Dinah traces her capacity for hard work to an attack of polio that struck her in infancy. That was in her native Winchester, Tennessee (population then 2,000), in the days when Dinah was still named Frances Rose Shore, abbreviated in Southern fashion to Fanny-Rose and later changed because "Dinah" (is there anyone finah?) was her theme song on her first radio show.

Though Dinah recovered completely from polio, she never got over the idea that neighbors were looking at her and wondering. So she had to dance longer and swim harder and do more things than any of the other girls, just to prove that there was nothing wrong with her.

Dinah Shore 4


A Young and Tender Heart

Though she graduated from Vanderbilt University before she moved on to Broadway, the Dinah Shore of the early New York years was still a college girl emo­tionally, rendered misty-eyed at the very thought of all the brave young men going off to war. She dated dozens of them and would daily announce herself irrevocably in love with one or the other. This hero-worship was so complete it almost broke up her association with Ticker Freeman, who was then her coach and today is her accompanist and musical alter ego. When Ticker figured one of Dinah's soldier boys was a phony, and said so, Dinah stormed out of the studio and wouldn't speak to Freeman for months. The GI beau finally proved Ticker one hundred per cent correct. He left Dinah singing the blues while he stole off and married the girl back home. This was a bitter pill for the struggling vocalist to swallow; she had not only lost her man, but Ticker as well. Realizing that she had acted foolishly in the first place, Dinah contact­ed Freeman and apologized. With an im­portant audition coming up, she figured that bygones had better be bygones.

Today Ticker Freeman plays an integ­ral part in Dinah's professional career. He is no Svengali. Neither is he her business manager.

Ticker Keeps Tabs

Dinah may sing a song he doesn't like, or refuse one he does like, but never, never does Dinah do anything careerwise which Ticker doesn't know about. On musical matters she relies upon his judg­ment as often as upon her own.

Although the Shore-Freeman combi­nation is very serious and conscientious on matters which deal with music, they still manage to have a lot of fun.

For those not acquainted with the elaborate practical jokes exchanged be­tween people in show business, and so loved by Dinah, Ticker, and their in­timates, it may be well to give a docu­mented case history of one that happened during one of her TV shows.

The program in question had a Casbah motif. Dinah was to walk down a winding street while snake charmers played flutes, Arabs gave forth with chants, and beg­gars beseeched alms for the love of Allah.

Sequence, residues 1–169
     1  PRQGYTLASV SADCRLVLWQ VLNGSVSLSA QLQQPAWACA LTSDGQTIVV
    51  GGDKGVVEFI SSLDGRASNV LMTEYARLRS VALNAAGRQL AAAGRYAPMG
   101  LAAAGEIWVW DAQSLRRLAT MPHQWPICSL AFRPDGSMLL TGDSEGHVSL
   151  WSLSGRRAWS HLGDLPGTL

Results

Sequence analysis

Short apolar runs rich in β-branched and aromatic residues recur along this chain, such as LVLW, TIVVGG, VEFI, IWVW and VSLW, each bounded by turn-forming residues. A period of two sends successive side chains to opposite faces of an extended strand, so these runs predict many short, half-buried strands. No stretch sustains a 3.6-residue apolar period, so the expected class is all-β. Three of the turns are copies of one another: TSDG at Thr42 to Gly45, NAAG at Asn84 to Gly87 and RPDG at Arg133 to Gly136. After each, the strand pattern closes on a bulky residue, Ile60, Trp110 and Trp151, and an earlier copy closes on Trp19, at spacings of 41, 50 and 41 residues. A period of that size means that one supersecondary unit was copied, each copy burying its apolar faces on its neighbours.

During rehearsals Dinah had a difficult time mastering the lyrics of one of the songs, but when showtime neared and Ticker asked her whether she wanted a cue card set on the TV camera, she de­clined. The show went on and Dinah sang one song as she bought post cards from a little shop in the Casbah. Then she sang another as she sat at a sidewalk cafe.

Dinah Shore 5


Cue to Sing Made Her Laugh

As she approached the spot where she was to sing her final song, the same number that had been giving her trouble, Ticker, out of the camera's range, asked her if she knew the lyrics.

Dinah frantically said she didn't, and Freeman immediately sang the first few bars. With a sigh of relief she continued down the winding street, but just before the musical conductor gave the down­beat, her mind went blank.

Ticker, quickly sizing up the situation, grabbed a cue card he had prepared "just in case" and dashed for the camera. He put the card on a mount, and Dinah immediately smiled. The smile turned into laughter as she approached the card, which had been purposely printed in Ara­bic script.

As the tension eased off, she remem­bered the words and continued the song, laughing all the way through it. Those who saw the show will never forget it.

In one respect, Dinah is one girl in fifty million. Like two generations of American girls, she fell in love with, the screen image of a movie actor; but unlike any of the others she met her man and, not very long afterwards, married him.

It began in 1942. Dinah was in a vaude­ville show emceed by Milton Berle and playing at the Steel Pier in Atlantic City. With nine shows a day there was hardly time to go out between perform­ances, so Dinah would rest by sitting in one of the movie theaters on the Steel Pier. "The Cowboy and the Blonde" was playing, starring George Montgomery. By the time she had seen the picture fifty or sixty times, Dinah was in love with him.